Som en follow-up på min post fra i går kan jeg tilføje, at den tidligere Republikanske Delaware-guvernør og præsidentkandidat Pete Du Pont i dagens Wall Street Journal har et længere forsvar for “flat tax” i USA (http://www.opinionjournal.com/columnists/pdupont/?id=110007183). Her er et uddrag: Præsident Bushs rådgivende skatteudvalg er ved at se på nærmere på reform af det eksisterende skattesystem og”will surely conclude that America has an abysmal tax system. It is politically motivated; members of Congress amend the code to reward their friends and punish their enemies. And as every taxpayer knows, it is maddeningly complex, sometimes incomprehensible, time-consuming to comply with, and frustrating. Steve Forbes’s new book, “Flat Tax Revolution” (Regnery) defines the problem:The tax code has been amended 14,000 times and is 60% longer since Ronald Reagan’s presidency.The cost of compliance in terms of taxpayer time has risen 67% in the past decade and a half.Americans spend more than six billion man-hours each year filling out tax forms at a cost to the economy of $200 billion.So what should the president’s panel recommend? A tax code that will raise at least current revenues and is simpler and easier to comply with, demanding less cost, time and effort by all of us….There is a better solution, one advanced almost 10 years ago by the National Commission on Economic Growth and Tax Reform (of which I was a member): “a single, low tax rate with a generous personal exemption”–a flat tax.Under a flat income tax there would be one rate–Mr. Forbes recommends 17%, with a personal exemption of $13,000 per adult and $4,000 per child or dependant, along with a $1,000 per child tax credit. Thus a family of four would pay no federal income tax on its first $46,000 of income. There would be no double taxation of dividends, no capital gains taxes, death taxes, or taxes on Social Security benefits. The tax return would be simpler and easier to fill out: From your wages and salary subtract your personal and dependent exemptions and multiply the result by 17%. It would almost be a tax on a postcard, a huge improvement over the massive complexity of the Internal Revenue Code. (Corporate profits would be taxed at a flat 17% too.)So what would the impact of such a system be on Federal tax receipts? Very positive, because income tax rate reductions tend to raise income tax receipts. The Kennedy income tax cuts of the 1960s reduced top rates from 91% to 71% and boosted revenues by one-third, raising the four-year average annual tax revenue growth from 2.1% to 8.6%. The Reagan tax rate reductions of the 1980s saw tax revenue increase 56% over eight years.The reason for such increases in tax receipts is economic growth–lower tax rates mean higher economic growth, more investments, more jobs, greater incentive for people to work harder to earn more money, and thus the economy expands, which in turn means more government tax revenue. …Opponents of the flat tax say it would unduly help the rich. But a lower flat tax rate is joined with the elimination of deductions and loopholes; tax manipulation by the wealthy would vanish and all taxpayers would be playing by the same rules. Charitable giving would drop, critics say, but historical experience says that is not true either. Over the past 40 years tax rates have risen or fallen many times, but charitable giving has constantly risen. When people have more money, they contribute more money….A simple flat tax instead of the complex current IRS tax system would free up six billion hours a year of our time and many billions of our income dollars, which are currently expended complying with our tax laws, to spend working harder and investing more in our communities. Such a tax reform plan meets America’s goals: It is simple and understandable, applies to everyone, gets government the revenues it needs, and would end congressional manipulation of the tax system. Most important, America needs stronger economic growth, and the flat tax would help generate it.”Så er det sagt.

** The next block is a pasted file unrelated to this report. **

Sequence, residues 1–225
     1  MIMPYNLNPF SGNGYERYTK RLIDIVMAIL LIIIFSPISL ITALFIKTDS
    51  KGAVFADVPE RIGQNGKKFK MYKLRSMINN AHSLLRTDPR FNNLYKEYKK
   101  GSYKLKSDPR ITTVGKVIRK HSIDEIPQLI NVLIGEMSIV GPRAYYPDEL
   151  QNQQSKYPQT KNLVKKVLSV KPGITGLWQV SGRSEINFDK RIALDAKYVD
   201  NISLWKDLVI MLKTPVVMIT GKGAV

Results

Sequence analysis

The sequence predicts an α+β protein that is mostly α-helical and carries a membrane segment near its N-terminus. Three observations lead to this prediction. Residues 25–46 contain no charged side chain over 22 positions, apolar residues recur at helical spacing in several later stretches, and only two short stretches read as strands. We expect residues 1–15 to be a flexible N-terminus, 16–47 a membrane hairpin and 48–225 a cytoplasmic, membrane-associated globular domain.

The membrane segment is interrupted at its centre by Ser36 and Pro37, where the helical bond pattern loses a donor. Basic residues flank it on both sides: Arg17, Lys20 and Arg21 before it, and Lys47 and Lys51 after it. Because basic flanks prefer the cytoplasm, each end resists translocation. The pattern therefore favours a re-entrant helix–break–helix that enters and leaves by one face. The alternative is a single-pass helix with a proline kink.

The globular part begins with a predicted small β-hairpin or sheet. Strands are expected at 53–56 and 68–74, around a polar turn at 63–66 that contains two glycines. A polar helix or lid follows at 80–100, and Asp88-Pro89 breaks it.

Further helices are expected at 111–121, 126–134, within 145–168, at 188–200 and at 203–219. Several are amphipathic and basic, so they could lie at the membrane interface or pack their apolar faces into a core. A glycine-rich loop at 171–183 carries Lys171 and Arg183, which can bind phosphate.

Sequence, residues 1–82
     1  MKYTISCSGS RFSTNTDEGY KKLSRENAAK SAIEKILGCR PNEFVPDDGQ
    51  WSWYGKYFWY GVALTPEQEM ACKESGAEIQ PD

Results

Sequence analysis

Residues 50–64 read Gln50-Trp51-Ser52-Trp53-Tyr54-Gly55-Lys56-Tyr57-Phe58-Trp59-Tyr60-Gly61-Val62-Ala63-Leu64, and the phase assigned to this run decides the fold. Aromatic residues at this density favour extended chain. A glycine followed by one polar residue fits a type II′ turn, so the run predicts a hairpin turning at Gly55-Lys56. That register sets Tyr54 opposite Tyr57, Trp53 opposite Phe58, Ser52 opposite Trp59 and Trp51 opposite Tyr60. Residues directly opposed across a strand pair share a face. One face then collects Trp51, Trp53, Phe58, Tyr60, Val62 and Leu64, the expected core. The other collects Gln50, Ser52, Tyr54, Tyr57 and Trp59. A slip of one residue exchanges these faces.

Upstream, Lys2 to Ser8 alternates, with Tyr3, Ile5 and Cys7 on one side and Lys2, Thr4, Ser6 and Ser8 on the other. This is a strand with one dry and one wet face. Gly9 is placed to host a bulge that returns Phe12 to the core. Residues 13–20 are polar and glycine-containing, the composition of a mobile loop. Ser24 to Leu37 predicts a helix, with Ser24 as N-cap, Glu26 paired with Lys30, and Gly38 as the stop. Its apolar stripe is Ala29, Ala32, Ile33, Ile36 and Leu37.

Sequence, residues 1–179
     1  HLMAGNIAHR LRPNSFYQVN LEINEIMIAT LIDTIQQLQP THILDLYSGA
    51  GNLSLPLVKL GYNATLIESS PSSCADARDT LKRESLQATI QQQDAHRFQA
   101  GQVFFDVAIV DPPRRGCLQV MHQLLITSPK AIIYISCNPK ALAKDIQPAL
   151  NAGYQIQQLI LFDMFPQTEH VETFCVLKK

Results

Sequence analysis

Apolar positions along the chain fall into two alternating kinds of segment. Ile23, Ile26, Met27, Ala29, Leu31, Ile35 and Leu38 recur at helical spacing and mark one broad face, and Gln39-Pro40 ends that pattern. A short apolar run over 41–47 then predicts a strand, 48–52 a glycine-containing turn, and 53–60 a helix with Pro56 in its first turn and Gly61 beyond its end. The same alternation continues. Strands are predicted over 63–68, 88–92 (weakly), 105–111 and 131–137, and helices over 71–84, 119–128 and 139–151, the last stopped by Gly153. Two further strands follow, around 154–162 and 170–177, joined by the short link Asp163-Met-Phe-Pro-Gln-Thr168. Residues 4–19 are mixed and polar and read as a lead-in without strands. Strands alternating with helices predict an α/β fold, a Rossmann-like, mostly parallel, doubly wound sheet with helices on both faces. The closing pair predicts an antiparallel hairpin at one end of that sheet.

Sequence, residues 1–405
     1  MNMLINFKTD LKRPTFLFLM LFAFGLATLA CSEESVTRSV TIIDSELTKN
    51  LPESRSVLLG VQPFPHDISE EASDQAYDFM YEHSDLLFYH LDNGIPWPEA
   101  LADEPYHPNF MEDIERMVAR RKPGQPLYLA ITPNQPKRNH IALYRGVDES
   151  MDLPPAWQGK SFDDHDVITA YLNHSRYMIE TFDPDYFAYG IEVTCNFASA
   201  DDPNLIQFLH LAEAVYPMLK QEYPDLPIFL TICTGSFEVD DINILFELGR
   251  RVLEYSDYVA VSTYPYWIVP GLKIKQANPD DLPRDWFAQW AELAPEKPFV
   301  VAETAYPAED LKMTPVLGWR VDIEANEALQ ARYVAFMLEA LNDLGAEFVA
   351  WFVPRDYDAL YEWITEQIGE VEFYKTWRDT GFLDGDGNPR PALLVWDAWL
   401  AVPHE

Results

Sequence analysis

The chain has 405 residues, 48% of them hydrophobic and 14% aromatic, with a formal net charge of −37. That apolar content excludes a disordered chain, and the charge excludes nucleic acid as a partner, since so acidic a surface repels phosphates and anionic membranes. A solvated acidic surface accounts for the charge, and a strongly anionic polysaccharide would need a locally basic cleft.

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  2. Peter Kurrild-Klitgaard

    Yderligere follow-up til min egen: Torsdag var det Stephen Moore (tidl. fra Club for Growth), der i WSJ argumenterede for “flat tax”. Kommentaren er her:http://www.opinionjournal.com/la/?id=110007189, og dens fokus er USA og ideens mest fremtrædende amerikanske fortaler, Steve Forbes (der forsøgte sig som Republikansk præsidentkandidat i 1996 og 2000):”Mr. Forbes single-handedly thrust revolutionary ideas into the political headlights–ideas about health insurance and Social Security, for instance, but most famously about the tax code itself. The GOP establishment hated his message, but the conservative rank-and-file loved it. Mr. Forbes was suddenly the talk of the town. There he was, with his signature horn-rimmed glasses and geekish smile, plastered on the cover of Time magazine. And for a brief moment it appeared that he might even win the nomination and topple the Republican establishment.But then various deep-pocketed interest groups stirred themselves into action. In January 1996, for instance, the housing industry spent millions of dollars on TV and print ads explaining to New Hampshire voters that Mr. Forbes’s flat tax, by eliminating the mortgage-interest tax deduction, would destroy the value of their homes and send their tax bills through the ceiling. Not a word of it was true, but truth is often a casualty in political polemics. Mr. Forbes fell like an oak….As Mr. Forbes is fond of noting in “Flat Tax Revolution,” the idea he touted did take hold–just not in the U.S. Ten nations–most from the former Soviet Union, including Russia itself, with its 13% rate–have embraced a flat tax. And the economies of these countries are reaping their reward: They far outpace crusty Old Europe in GDP growth and job creation. China, Germany and Spain could be the next dominoes to fall.Mr. Forbes argues that international competition seems to be driving the flat-tax frenzy. “Countries increasingly recognize that if they don’t adopt the flat tax, they will lose jobs, capital and their own ambitious entrepreneurs to more growth friendly nations.” He shows that, in virtually all the countries with a flat tax, government coffers overflow with tax receipts. These real-life examples are obviously sweet vindication for Mr. Forbes, who has often been accused of self-interestedly trying to push down tax rates on wealthy families like his own while depleting the government of the revenues needed to pay the bills.Mr. Forbes takes a machete to such fallacious arguments. No, the government’s bills will not go unpaid: Revenues will equal what they are under the current system when faster economic growth is accounted for. No, the flat tax will not destroy home values–actually they will rise because the pro-savings flat tax lowers interest rates. No, hospitals and orphanages and the Salvation Army will not disappear with the elimination of the charitable tax deduction. Charitable giving is a function of disposable income, not the size of the tax write-off. And disposable income rises under a flat tax.No, the flat tax will not destroy the health-care system by eliminating the employer deduction for health insurance. In fact, a new system of health coverage would evolve under a flat-tax regime, a system that would “restore the connection between the health care provider and the consumer and thus get control of runaway health care costs.” It is precisely the employer-based health-care system–distorted into inefficiency and waste by the current tax structure–that has driven up doctor and hospital costs and made health insurance unaffordable to so many Americans.”